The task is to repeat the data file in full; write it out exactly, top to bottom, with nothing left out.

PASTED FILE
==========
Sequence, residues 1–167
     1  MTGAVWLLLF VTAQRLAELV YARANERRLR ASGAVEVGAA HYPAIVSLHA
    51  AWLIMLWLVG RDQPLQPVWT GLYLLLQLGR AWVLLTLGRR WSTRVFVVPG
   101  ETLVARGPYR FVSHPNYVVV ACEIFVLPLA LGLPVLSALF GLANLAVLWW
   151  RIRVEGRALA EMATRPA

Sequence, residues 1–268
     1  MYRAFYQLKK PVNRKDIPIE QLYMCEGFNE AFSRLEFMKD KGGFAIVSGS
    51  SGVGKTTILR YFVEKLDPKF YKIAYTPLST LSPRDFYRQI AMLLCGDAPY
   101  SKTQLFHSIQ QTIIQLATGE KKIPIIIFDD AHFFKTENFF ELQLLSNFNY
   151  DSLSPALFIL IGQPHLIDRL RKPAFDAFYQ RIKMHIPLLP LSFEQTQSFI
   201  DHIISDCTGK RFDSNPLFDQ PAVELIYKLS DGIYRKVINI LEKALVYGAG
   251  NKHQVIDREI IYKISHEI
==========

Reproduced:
Sequence, residues 1–167
     1  MTGAVWLLLF VTAQRLAELV YARANERRLR ASGAVEVGAA HYPAIVSLHA
    51  AWLIMLWLVG RDQPLQPVWT GLYLLLQLGR AWVLLTLGRR WSTRVFVVPG
   101  ETLVARGPYR FVSHPNYVVV ACEIFVLPLA LGLPVLSALF GLANLAVLWW
   151  RIRVEGRALA EMATRPA

Sequence, residues 1–268
     1  MYRAFYQLKK PVNRKDIPIE QLYMCEGFNE AFSRLEFMKD KGGFAIVSGS
    51  SGVGKTTILR YFVEKLDPKF YKIAYTPLST LSPRDFYRQI AMLLCGDAPY
   101  SKTQLFHSIQ QTIIQLATGE KKIPIIIFDD AHFFKTENFF ELQLLSNFNY
   151  DSLSPALFIL IGQPHLIDRL RKPAFDAFYQ RIKMHIPLLP LSFEQTQSFI
   201  DHIISDCTGK RFDSNPLFDQ PAVELIYKLS DGIYRKVINI LEKALVYGAG
   251  NKHQVIDREI IYKISHEI